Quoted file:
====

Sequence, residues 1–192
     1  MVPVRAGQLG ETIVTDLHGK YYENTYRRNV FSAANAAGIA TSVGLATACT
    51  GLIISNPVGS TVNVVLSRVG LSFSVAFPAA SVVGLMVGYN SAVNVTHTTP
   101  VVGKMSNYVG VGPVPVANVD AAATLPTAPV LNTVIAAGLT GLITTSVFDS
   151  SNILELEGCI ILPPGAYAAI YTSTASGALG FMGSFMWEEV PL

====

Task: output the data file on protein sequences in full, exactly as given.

Sequence, residues 1–192
     1  MVPVRAGQLG ETIVTDLHGK YYENTYRRNV FSAANAAGIA TSVGLATACT
    51  GLIISNPVGS TVNVVLSRVG LSFSVAFPAA SVVGLMVGYN SAVNVTHTTP
   101  VVGKMSNYVG VGPVPVANVD AAATLPTAPV LNTVIAAGLT GLITTSVFDS
   151  SNILELEGCI ILPPGAYAAI YTSTASGALG FMGSFMWEEV PL